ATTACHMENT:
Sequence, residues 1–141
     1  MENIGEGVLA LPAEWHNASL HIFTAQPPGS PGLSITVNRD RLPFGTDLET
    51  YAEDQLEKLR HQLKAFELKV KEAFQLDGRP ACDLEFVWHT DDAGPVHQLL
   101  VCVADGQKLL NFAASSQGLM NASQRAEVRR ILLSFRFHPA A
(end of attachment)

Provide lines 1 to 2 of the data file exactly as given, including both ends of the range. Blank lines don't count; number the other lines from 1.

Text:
Sequence, residues 1–141
     1  MENIGEGVLA LPAEWHNASL HIFTAQPPGS PGLSITVNRD RLPFGTDLET